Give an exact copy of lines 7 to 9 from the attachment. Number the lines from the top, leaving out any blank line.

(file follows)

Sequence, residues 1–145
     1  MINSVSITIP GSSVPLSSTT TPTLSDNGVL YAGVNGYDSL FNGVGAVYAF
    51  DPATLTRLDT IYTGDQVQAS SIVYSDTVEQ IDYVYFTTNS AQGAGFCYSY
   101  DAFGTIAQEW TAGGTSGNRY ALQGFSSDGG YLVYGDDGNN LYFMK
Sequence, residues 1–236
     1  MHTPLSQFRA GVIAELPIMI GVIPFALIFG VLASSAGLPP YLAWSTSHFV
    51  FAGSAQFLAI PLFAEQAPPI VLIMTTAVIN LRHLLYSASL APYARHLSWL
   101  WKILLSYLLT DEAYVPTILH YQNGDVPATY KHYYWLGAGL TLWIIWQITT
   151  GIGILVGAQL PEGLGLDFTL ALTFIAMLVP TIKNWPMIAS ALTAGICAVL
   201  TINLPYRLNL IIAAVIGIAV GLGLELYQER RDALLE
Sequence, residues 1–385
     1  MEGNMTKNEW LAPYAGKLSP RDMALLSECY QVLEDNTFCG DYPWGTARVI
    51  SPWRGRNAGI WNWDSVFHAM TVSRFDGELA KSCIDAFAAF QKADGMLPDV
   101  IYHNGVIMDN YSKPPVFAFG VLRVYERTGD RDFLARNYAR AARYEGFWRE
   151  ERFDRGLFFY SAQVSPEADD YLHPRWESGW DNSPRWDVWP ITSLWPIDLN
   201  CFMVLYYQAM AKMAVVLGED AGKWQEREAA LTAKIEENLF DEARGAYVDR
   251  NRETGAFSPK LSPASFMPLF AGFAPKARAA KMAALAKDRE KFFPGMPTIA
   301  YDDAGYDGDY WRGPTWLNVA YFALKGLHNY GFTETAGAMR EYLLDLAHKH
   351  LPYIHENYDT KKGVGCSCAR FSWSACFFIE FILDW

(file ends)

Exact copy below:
    51  FAGSAQFLAI PLFAEQAPPI VLIMTTAVIN LRHLLYSASL APYARHLSWL
   101  WKILLSYLLT DEAYVPTILH YQNGDVPATY KHYYWLGAGL TLWIIWQITT
   151  GIGILVGAQL PEGLGLDFTL ALTFIAMLVP TIKNWPMIAS ALTAGICAVL